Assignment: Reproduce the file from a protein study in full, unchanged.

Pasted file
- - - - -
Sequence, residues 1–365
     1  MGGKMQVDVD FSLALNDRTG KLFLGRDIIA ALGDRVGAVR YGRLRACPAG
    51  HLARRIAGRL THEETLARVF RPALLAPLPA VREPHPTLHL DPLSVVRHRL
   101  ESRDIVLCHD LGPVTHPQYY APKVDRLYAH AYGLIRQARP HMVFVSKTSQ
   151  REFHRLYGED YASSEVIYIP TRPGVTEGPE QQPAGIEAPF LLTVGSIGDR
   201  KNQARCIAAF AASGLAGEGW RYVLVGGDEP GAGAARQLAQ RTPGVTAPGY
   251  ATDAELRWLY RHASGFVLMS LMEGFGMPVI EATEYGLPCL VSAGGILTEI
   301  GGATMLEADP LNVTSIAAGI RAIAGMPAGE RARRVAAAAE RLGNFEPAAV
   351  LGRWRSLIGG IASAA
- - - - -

Sequence, residues 1–365
     1  MGGKMQVDVD FSLALNDRTG KLFLGRDIIA ALGDRVGAVR YGRLRACPAG
    51  HLARRIAGRL THEETLARVF RPALLAPLPA VREPHPTLHL DPLSVVRHRL
   101  ESRDIVLCHD LGPVTHPQYY APKVDRLYAH AYGLIRQARP HMVFVSKTSQ
   151  REFHRLYGED YASSEVIYIP TRPGVTEGPE QQPAGIEAPF LLTVGSIGDR
   201  KNQARCIAAF AASGLAGEGW RYVLVGGDEP GAGAARQLAQ RTPGVTAPGY
   251  ATDAELRWLY RHASGFVLMS LMEGFGMPVI EATEYGLPCL VSAGGILTEI
   301  GGATMLEADP LNVTSIAAGI RAIAGMPAGE RARRVAAAAE RLGNFEPAAV
   351  LGRWRSLIGG IASAA